O God, our gracious Heavenly Father, help us to rise out of our attitude of self-centeredness, out of our egotism. Help us to rise to the point of having faith in Thee and realizing that we are dependent on Thee. And when we realize this, O God, we will live life with a new meaning and with a new understanding and with a new integration. We ask Thee to grant all of these blessings in the name and spirit of Jesus. Amen.
Martin Luther King, Jr. From "Thou, Dear God": Prayers That Open Hearts and Spirits.
Lewis V. Baldwin is professor of religious studies at Vanderbilt University and an ordained Baptist minister. An expert on black-church traditions, he is author of The Voice of Conscience: The Church in the Mind of Martin Luther King, Jr.; There Is a Balm in Gilead: The Cultural Roots of Martin Luther King, Jr.; and Never to Leave Us Alone: The Prayer Life of Martin Luther King, Jr. He is the editor of "Thou, Dear God": Prayers That Open Hearts and Spirits, the first and only collection of prayers by Martin Luther King, Jr.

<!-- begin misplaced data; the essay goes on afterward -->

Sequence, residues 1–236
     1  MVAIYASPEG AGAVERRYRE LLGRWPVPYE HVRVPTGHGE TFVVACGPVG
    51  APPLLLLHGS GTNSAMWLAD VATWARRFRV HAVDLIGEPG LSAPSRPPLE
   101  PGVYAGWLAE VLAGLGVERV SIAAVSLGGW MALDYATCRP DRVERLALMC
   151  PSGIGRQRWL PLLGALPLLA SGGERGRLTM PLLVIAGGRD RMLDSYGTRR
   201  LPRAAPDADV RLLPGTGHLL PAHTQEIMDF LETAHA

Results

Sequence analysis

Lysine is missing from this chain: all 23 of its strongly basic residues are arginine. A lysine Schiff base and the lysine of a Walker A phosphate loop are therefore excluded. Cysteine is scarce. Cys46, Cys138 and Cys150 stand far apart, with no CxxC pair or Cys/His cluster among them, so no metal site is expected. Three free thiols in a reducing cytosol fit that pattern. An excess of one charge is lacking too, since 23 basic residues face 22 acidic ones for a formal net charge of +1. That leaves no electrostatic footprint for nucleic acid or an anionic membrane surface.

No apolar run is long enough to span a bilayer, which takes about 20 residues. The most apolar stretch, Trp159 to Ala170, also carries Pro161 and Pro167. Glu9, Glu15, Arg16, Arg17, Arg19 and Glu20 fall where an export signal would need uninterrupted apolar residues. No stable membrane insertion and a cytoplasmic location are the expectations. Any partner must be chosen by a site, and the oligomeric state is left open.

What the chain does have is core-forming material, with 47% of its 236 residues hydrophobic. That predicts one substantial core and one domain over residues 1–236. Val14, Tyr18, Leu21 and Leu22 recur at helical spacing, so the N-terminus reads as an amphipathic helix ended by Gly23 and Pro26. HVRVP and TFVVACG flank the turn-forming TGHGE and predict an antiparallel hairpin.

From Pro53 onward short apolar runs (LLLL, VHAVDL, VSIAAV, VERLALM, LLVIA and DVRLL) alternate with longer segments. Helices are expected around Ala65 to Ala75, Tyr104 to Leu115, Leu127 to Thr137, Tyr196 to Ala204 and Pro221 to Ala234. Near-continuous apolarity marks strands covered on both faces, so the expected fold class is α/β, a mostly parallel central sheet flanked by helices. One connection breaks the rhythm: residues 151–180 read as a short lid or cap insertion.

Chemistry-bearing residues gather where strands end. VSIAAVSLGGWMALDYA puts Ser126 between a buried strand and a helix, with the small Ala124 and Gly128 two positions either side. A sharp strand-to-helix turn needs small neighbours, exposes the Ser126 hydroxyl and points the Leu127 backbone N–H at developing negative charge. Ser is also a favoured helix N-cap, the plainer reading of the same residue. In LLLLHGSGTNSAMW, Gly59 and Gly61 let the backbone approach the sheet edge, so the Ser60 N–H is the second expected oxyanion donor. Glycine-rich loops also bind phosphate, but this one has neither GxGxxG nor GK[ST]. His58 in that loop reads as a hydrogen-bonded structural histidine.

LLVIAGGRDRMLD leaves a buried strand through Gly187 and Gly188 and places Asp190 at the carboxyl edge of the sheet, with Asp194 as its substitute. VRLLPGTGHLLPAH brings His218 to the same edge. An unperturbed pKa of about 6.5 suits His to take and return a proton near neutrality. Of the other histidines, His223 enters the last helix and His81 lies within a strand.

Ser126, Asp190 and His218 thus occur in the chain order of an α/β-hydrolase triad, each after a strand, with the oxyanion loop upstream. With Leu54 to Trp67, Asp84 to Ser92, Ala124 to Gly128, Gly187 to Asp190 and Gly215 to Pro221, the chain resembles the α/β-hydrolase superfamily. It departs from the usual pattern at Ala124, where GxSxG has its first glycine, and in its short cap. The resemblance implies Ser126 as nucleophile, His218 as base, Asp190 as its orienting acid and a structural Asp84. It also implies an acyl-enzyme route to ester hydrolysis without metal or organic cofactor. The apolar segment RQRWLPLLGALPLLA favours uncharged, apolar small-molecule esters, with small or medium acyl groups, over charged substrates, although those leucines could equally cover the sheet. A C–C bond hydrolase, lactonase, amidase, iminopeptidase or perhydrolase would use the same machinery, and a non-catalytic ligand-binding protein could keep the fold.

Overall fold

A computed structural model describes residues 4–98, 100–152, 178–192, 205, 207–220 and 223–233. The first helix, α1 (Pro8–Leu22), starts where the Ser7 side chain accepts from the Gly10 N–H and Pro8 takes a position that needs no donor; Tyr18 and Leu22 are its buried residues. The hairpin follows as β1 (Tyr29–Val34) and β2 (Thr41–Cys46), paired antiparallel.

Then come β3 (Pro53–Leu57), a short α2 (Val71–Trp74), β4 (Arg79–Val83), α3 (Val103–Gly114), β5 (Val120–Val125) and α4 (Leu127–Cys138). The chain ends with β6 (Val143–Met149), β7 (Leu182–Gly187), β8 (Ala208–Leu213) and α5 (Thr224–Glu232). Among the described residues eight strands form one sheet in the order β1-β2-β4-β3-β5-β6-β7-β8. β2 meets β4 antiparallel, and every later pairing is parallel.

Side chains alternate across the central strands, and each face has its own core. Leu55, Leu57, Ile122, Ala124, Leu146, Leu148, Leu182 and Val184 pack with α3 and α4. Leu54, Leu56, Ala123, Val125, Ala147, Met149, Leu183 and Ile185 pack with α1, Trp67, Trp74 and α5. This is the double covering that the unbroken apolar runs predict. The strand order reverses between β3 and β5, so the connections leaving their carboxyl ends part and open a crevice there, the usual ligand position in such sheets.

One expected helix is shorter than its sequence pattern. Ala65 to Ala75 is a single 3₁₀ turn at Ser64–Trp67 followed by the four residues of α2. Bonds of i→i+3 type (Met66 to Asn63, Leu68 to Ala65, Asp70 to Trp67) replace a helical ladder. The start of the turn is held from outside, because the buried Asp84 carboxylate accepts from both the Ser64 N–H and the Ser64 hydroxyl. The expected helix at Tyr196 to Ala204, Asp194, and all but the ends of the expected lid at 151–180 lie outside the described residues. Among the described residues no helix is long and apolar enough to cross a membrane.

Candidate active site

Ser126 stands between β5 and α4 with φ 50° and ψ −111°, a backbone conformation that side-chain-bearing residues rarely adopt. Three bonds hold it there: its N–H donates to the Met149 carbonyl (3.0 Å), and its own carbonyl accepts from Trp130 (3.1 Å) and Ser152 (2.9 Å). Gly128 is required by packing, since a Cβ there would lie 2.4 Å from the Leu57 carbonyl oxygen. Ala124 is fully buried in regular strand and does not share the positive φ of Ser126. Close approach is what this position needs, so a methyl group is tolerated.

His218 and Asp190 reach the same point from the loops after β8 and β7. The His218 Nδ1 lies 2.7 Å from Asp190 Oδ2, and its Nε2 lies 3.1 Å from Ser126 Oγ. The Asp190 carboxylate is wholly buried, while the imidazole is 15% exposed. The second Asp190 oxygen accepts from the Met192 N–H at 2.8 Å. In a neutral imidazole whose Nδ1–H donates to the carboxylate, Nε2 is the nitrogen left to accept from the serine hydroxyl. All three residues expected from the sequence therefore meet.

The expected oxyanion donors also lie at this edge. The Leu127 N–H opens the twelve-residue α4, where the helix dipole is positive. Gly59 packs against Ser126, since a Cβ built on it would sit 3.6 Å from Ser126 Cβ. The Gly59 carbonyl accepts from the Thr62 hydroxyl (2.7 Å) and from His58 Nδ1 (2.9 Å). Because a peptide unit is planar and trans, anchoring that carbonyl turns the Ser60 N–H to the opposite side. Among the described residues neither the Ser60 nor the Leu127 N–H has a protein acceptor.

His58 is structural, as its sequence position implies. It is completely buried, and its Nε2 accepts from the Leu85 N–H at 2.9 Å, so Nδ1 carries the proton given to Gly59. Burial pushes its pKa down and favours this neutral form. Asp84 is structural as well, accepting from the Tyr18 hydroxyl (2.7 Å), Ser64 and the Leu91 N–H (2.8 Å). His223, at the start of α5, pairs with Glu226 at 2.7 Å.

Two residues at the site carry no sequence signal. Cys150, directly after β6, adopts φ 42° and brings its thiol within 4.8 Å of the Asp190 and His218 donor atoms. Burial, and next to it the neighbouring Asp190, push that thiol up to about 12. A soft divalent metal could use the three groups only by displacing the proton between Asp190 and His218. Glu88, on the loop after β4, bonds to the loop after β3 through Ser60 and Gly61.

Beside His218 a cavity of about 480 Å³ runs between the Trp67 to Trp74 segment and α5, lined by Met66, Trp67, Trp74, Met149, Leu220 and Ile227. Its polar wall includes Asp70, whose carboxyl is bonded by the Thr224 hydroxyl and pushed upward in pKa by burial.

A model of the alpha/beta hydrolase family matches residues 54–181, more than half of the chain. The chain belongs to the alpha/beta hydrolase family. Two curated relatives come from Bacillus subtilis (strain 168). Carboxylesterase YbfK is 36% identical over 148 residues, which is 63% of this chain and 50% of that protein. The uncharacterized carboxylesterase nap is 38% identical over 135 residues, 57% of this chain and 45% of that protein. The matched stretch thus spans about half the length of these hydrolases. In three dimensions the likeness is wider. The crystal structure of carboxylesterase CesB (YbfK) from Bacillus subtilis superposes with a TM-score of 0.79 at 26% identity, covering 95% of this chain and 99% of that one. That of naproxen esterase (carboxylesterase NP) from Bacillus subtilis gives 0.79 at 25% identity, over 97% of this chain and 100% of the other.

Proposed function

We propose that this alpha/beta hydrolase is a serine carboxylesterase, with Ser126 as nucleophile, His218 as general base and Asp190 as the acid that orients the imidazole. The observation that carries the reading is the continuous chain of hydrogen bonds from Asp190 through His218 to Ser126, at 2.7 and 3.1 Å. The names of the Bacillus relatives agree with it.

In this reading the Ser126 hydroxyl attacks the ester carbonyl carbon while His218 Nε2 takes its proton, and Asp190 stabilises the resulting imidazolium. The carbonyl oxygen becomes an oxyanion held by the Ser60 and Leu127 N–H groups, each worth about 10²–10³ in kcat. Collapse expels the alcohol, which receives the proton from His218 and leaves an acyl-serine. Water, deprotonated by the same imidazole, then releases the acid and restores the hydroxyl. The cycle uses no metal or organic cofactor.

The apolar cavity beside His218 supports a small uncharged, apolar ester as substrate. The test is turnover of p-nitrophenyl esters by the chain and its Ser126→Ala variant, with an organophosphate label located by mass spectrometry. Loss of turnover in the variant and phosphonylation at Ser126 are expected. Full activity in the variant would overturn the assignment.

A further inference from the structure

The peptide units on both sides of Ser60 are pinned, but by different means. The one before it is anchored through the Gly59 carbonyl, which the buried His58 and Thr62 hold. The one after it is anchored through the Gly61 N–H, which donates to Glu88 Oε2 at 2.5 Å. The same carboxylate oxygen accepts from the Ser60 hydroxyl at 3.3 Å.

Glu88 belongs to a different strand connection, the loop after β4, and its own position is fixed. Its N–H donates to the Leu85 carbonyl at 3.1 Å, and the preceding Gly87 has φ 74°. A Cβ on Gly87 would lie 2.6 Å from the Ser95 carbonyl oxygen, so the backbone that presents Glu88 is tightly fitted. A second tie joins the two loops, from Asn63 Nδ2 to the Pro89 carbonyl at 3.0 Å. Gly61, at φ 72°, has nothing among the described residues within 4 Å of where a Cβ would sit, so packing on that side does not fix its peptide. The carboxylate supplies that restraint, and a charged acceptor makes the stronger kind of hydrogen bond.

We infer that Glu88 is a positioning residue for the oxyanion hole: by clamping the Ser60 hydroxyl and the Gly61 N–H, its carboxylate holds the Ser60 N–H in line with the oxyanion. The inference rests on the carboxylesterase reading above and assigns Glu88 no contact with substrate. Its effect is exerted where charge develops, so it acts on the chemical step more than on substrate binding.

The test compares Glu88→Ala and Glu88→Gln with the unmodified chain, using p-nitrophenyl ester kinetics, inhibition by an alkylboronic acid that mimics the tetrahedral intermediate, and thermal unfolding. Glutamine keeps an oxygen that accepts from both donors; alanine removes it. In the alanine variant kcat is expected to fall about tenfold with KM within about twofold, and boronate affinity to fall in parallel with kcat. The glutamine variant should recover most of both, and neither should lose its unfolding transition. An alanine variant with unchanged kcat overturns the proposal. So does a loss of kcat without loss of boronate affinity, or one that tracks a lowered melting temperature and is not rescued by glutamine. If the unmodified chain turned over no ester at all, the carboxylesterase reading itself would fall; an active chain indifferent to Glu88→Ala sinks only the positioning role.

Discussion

Discovering the Essence of the Self in Relation to Others:
Martin Luther King, Jr.'s Prayers as a Source of His Philosophy and Ethics
Martin Luther King, Jr. was a Christian minister with a Ph.D. in Philosophical Theology, and philosophical and ethical concerns were always at the center of his consciousness when he thought of self in relation to other selves. The prayers afforded in "Thou, Dear God": Prayers that Open Hearts and Spirits give the reader a sense of that inner search which enabled King to not only discover the essence of his own being, but also the true meaning of community. King's prayers really amount to an expression of emotions, thoughts, and words that are consistent with the conviction that everyone and everything in the universe are interconnected, interrelated, and interdependent. King called this "the interrelated structure of reality." Evidently, the content and language of his prayers transcend the dimensions of the materialistic world to affirm people, personhood, and the oneness of creation. In other words, the prayers acknowledge a meaning to existence that transcends the self and its immediate circumstances. Thus, they confront the reader with a more perceptive and inclusive definition of spirituality.
Photo of Lewis V. Baldwin by Daniel Dubois.